La moisson de liens pour la semaine du 1er au 5 août 2016. Ils ont, pour la plupart, été publiés sur mon compte Twitter. Les voici rassemblés pour ceux qui les auraient raté.
Security & Privacy
- Should CDNs tighten up their security?
- I was doing some work on securityheaders.io the other day and I noticed something about the CDN that I use for some of my assets. They didn’t use HSTS to enforce the use of HTTPS in compliant user agents, which I thought was a little odd.
- Surveillance : le hamster qui mangeait des spaghetti
- Surveillance, boîtes noires, sondes, IOL, chiffrement, métadonnées, les contenus et articles abondent sur ces sujets, mais à la lecture de certains commentaires, il apparaît que le fonctionnement du Web en particulier, et d’Internet en général, est assez mal compris, même superficiellement. Que se passe-t’il très concrètement lorsque je clique sur un lien ? Quelles sont les données — ou, le cas échéant, métadonnées — qui seront visibles et par qui ? Ces interrogations, qui paraîtront naïves à celles et ceux possédant une bonne littératie numérique, sont pourtant tout à fait légitimes et la réponse n’est pas si simple qu’on pourrait le croire.
- Breaking through censorship barriers, even when Tor is blocked
- While Tor Browser provides many security and privacy properties and features, not everyone around the world has the luxury to connect to use it. By default, Tor Browser makes all of its users look alike by spoofing UserAgent (and other methods) to avoid fingerprinting attacks. However, it doesn’t hide the fact you’re connecting to Tor, an open network where anyone can get the list of relays. This network transparency has many benefits, but also has a downside: Many repressive governments and authorities benefit from blocking their users from having free and open access to the internet. They can simply get the list of Tor relays and block them. This bars millions of people from access to free information, often including those who need it most. We at Tor care about freedom of access to information and strongly oppose censorship. This is why we’ve developed methods to connect to the network and bypass censorship. These methods are called Pluggable Transports (PTs).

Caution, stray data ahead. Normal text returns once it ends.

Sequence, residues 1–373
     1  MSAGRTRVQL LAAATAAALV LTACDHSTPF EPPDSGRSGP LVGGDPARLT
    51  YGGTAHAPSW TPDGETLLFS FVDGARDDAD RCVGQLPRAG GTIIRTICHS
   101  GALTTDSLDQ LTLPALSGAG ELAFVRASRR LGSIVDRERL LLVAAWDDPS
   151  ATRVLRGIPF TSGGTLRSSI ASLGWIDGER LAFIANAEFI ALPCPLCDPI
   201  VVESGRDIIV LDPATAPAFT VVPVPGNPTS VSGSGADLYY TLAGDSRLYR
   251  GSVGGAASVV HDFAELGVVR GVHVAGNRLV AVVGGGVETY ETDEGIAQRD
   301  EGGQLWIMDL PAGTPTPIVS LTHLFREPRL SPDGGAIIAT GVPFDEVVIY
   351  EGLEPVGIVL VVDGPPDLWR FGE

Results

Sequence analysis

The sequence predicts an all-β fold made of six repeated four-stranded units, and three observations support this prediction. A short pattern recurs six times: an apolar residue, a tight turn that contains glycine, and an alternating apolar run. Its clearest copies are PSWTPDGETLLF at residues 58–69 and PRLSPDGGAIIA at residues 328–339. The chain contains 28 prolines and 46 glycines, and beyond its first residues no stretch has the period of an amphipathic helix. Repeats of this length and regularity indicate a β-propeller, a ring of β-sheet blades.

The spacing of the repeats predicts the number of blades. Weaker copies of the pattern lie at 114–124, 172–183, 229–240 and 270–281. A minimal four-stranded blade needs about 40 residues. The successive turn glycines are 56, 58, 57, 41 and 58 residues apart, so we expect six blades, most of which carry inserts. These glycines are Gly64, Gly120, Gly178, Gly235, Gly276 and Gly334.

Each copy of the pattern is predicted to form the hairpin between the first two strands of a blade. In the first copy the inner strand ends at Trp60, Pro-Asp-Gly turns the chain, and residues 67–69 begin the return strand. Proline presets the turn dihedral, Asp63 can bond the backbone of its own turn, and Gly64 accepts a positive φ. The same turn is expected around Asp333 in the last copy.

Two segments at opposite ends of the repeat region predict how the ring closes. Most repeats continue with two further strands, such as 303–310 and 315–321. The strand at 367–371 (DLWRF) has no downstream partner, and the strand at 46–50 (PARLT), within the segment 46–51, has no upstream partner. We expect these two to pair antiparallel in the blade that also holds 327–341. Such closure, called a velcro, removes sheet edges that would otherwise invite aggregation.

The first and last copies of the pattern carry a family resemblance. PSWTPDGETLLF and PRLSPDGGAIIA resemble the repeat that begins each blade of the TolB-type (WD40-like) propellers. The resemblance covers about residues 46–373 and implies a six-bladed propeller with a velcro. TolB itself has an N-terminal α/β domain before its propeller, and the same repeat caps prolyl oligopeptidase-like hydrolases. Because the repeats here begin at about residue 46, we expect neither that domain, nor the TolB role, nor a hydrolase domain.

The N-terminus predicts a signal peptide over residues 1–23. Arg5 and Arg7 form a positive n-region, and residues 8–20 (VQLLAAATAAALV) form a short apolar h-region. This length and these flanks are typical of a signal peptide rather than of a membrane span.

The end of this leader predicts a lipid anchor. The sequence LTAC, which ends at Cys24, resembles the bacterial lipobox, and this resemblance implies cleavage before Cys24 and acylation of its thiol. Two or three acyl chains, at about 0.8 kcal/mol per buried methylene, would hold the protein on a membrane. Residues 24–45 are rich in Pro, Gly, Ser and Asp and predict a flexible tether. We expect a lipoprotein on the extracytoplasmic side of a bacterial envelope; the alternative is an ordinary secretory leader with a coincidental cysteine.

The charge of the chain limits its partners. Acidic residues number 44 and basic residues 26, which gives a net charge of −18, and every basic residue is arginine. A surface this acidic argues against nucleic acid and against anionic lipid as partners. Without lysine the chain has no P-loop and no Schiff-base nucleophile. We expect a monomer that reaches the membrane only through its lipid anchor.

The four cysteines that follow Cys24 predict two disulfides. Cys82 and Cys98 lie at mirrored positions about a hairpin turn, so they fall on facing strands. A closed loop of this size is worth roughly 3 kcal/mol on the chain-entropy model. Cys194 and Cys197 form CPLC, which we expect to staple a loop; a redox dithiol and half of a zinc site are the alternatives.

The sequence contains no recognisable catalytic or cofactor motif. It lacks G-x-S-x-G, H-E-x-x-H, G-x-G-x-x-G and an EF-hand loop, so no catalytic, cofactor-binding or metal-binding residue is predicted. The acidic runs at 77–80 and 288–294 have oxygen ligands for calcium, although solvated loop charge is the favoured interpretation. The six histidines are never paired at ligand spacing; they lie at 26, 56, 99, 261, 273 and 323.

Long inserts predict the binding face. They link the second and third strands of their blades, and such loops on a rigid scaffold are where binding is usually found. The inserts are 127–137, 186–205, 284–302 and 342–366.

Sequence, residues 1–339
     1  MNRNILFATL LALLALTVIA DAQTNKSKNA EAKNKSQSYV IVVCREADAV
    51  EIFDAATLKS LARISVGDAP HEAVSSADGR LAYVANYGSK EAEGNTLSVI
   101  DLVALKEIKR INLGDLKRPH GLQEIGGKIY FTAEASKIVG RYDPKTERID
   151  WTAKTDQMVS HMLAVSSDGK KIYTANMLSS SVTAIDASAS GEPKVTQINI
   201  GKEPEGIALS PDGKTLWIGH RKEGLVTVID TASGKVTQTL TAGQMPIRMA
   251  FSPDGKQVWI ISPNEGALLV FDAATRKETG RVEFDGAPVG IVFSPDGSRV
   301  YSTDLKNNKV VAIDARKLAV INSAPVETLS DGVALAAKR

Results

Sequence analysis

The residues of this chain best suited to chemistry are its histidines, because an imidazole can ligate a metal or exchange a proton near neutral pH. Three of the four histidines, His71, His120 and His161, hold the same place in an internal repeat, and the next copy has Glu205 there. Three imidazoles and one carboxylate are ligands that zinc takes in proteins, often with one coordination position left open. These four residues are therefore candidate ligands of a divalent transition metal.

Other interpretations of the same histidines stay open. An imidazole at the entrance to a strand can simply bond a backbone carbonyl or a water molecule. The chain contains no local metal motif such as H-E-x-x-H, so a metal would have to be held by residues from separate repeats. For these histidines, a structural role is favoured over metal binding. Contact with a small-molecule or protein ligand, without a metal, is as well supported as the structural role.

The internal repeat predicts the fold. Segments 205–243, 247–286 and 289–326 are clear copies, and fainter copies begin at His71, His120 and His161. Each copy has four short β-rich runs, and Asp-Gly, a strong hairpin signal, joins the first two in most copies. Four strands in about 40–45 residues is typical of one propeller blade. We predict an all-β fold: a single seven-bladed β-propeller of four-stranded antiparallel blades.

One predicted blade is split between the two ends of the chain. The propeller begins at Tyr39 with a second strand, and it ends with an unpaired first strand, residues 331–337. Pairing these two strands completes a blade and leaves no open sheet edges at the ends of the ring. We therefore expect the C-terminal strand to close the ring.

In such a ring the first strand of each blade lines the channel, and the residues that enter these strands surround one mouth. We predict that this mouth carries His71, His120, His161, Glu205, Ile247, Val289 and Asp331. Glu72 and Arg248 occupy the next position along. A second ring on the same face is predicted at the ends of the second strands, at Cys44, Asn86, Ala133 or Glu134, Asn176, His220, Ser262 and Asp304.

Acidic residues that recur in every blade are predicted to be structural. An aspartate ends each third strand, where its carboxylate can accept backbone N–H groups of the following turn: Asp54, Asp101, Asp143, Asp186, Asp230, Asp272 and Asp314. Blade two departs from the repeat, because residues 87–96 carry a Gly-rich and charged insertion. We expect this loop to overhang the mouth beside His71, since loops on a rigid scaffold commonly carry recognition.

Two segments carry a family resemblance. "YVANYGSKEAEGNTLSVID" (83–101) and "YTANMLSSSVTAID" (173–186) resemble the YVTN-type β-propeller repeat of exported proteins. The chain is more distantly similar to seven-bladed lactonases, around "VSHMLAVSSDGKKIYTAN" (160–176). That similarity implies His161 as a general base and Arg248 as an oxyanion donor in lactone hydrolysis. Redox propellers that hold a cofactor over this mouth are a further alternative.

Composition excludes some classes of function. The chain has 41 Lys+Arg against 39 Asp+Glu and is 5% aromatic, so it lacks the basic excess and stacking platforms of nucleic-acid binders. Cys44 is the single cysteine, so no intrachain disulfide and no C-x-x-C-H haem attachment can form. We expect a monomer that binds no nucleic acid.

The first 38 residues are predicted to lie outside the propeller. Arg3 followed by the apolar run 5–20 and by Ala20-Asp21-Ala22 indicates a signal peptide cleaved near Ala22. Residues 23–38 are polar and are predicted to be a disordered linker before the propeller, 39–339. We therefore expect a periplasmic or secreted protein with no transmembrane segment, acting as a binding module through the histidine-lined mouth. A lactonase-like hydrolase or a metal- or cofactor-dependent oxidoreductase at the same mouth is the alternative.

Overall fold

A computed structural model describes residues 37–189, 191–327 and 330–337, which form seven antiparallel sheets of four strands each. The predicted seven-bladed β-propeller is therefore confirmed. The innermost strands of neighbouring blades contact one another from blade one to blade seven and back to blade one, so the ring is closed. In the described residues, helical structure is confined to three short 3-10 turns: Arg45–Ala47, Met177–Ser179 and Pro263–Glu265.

- Debian and Tor Services available as Onion Services
- We, the Debian project and the Tor project are enabling Tor onion services for several of our sites. These sites can now be reached without leaving the Tor network, providing a new option for securely connecting to resources provided by Debian and Tor.
- git-crypt - transparent file encryption in git
- git-crypt enables transparent encryption and decryption of files in a git repository. Files which you choose to protect are encrypted when committed, and decrypted when checked out. git-crypt lets you freely share a repository containing a mix of public and private content. git-crypt gracefully degrades, so developers without the secret key can still clone and commit to a repository with encrypted files. This lets you store your secret material (such as keys or passwords) in the same repository as your code, without requiring you to lock down your entire repository.
- Challenges of a Remotely Managed, On-Premises, Bare-Metal Kubernetes Cluster
- The recently announced Platform9 Managed Kubernetes (PMK) is an on-premises enterprise Kubernetes solution with an unusual twist: while clusters run on a user’s internal hardware, their provisioning, monitoring, troubleshooting and overall life cycle is managed remotely from the Platform9 SaaS application. While users love the intuitive experience and ease of use of this deployment model, this approach poses interesting technical challenges. In this article, we will first describe the motivation and deployment architecture of PMK, and then present an overview of the technical challenges we faced and how our engineering team addressed them.
- Introducing the p0f BPF compiler
- Then we published a set of utilities we are using to generate the BPF rules for our production iptables: the bpftools.
Today we are very happy to open source another component of the bpftools: our p0f BPF compiler!
- Kong, le gorille de l’API Management vu de près
- Les entreprises proposant un service au travers d’une API et qui voient le nombre de consommateurs et de partenaires augmenter, sont confrontées à de nombreux challenges.
- Deploying the Netflix API
- As described in previous posts (« Embracing the Differences » and « Optimizing the Netflix API »), the Netflix API serves as an integration hub that connects our device UIs to a distributed network of data services. In supporting this ecosystem, the API needs to integrate an ever-evolving set of features from these services and expose them to devices. The faster these features can be delivered through the API, the faster they can get in front of customers and improve the user experience.
- Welcome to the era of Container 2.0